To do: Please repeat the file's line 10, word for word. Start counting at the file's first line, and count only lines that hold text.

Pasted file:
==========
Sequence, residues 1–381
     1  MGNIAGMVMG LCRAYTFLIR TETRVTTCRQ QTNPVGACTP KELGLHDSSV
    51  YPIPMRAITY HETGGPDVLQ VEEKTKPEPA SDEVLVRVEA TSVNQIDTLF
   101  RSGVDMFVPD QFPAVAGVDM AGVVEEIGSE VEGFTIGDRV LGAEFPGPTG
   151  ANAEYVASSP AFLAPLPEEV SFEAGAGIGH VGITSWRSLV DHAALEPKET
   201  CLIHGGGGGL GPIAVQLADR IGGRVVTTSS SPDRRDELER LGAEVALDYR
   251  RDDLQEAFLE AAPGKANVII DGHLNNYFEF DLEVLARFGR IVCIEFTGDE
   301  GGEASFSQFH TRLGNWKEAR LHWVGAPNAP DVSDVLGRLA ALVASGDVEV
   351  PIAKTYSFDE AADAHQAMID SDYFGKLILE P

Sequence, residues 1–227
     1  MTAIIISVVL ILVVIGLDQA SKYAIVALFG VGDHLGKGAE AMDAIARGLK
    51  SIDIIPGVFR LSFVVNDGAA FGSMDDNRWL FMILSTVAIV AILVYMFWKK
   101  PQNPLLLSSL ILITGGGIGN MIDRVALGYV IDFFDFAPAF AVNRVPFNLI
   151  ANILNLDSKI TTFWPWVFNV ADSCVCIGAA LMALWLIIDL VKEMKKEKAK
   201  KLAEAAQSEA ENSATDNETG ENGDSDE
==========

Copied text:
Sequence, residues 1–227